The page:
The fall in UK inflation could fan expectations that the Bank of England might cut interest rates, City analysts have said.
The Consumer Price Index (CPI) slid to 1.5% in October from 1.7% the previous month, according to the Office for National Statistics (ONS).
The decrease, which was greater than analysts had predicted, suggested households will have more spending power ahead of Christmas and next month’s General Election.
Economists have said falling prices will drive calls for lower interest rates, potentially following moves by the US and European central banks to make cuts.
Howard Archer, chief economic adviser for the EY Item Club, said: “Inflation dipping more than expected to 1.5% in October will also likely fan expectations that the Bank of England will cut interest rates before too long if the economy fails to pick up from its current struggles.
“Consumer price inflation looks likely to remain close to 1.5% over the rest of the year and through the early months of 2020 – and it could conceivably edge down further.”
Last week the Bank of England voted to hold rates, despite two members of its Monetary Policy Committee (MPC) calling for a cut.
The policymakers referenced signs that the labour market was cooling, while colleagues were cautious about Brexit uncertainty and a slowdown in the global economy.
David Cheetham, chief market analyst at XTB, agreed that the decrease will push calls for the cut but time is not on the side of the MPC.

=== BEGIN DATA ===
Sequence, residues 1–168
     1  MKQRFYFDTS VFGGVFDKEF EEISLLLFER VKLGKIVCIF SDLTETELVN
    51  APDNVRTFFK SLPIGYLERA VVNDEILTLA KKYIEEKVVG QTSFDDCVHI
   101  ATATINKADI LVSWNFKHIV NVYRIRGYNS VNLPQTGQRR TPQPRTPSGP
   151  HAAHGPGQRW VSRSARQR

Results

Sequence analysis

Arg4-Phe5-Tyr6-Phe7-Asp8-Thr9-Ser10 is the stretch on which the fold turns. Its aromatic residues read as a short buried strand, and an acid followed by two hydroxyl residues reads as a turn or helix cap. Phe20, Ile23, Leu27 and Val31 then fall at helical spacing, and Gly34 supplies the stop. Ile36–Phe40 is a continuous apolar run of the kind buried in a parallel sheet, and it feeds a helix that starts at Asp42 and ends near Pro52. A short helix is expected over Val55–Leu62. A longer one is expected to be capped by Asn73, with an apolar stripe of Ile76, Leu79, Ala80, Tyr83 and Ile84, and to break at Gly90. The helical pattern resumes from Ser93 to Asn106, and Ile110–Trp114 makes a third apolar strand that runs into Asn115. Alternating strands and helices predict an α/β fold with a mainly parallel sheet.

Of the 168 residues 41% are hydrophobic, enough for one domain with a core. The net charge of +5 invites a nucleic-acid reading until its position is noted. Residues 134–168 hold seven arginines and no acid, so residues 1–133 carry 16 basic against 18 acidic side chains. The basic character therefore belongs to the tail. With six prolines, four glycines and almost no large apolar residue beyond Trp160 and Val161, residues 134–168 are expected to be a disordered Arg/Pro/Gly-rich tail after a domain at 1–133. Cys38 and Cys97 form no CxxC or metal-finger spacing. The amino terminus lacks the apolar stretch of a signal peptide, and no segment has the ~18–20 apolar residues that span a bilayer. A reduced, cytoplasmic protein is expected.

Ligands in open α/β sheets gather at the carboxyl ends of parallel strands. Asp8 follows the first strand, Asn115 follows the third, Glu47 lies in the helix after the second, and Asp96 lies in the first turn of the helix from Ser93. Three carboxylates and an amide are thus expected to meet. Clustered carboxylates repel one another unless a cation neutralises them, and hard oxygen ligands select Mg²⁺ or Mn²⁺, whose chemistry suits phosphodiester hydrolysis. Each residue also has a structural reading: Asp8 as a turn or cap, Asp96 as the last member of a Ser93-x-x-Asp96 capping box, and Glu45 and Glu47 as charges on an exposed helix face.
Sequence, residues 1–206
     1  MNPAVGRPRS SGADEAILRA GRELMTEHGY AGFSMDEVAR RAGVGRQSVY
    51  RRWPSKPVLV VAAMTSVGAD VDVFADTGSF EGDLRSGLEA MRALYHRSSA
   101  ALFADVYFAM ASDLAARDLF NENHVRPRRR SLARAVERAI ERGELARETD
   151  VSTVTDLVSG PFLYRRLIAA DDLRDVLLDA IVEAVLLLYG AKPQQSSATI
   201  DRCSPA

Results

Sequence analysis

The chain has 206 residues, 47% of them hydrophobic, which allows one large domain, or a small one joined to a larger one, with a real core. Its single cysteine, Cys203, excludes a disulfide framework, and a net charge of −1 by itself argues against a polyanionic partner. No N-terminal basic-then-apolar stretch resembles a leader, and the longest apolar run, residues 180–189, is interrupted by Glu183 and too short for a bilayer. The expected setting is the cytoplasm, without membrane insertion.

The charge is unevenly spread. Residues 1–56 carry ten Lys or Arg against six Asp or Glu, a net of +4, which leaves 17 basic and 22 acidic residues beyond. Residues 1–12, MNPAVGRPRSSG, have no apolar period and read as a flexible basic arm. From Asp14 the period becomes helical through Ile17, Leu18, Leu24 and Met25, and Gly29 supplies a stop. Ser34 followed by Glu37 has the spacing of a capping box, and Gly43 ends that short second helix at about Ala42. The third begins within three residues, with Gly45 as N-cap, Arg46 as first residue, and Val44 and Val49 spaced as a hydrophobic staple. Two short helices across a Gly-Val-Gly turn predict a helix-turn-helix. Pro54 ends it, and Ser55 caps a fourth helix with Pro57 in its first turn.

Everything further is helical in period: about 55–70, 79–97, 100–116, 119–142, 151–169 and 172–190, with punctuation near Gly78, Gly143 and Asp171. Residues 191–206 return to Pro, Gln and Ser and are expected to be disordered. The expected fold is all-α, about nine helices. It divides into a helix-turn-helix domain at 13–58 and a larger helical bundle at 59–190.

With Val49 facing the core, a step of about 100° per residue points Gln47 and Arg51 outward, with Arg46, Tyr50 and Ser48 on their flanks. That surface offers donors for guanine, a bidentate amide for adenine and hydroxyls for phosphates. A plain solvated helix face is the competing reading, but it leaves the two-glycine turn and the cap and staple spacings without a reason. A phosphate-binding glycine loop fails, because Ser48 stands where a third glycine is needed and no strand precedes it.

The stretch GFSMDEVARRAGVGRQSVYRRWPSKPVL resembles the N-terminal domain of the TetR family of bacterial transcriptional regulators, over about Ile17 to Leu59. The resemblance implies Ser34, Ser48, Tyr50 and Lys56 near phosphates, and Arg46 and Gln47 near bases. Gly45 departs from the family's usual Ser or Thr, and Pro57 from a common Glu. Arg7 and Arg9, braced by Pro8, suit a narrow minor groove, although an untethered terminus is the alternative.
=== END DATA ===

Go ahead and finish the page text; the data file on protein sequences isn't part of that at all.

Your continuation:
He said: “A larger than expected fall in the most widely followed gauge of inflation could lead to further calls for the Bank of England to lower interest rates.
“Either way it is still highly unlikely that we get any movements in rates before the year is out, with the final policy decision due just one week after the General Election.”
On Tuesday, the ONS also revealed that wage growth had slowed to 3.6% in September from 3.8% the previous month. It remains significantly above the rate of inflation.
Emma-Lou Montgomery, associate director for personal investing at Fidelity International, said the inflation slowdown could be “welcome news” for consumers.
She added: “Inflation continues to languish below the Bank of England’s target of 2%, highlighting the impact of a year of uncertainty upon the UK economy.
“With a General Election and Brexit on the horizon, it’s difficult to foresee exactly when the political and economic environment might stabilise, and if nothing changes for the better the Bank of England will be under pressure to introduce an interest rate cut in early 2020.
“Should this happen, savers and investors need to think carefully about how to make their money work hardest, with the prospect of cash returns dwindling even further.”
The inflation announcement had little impact on the pound, fell 0.07% to 1.283 against the dollar.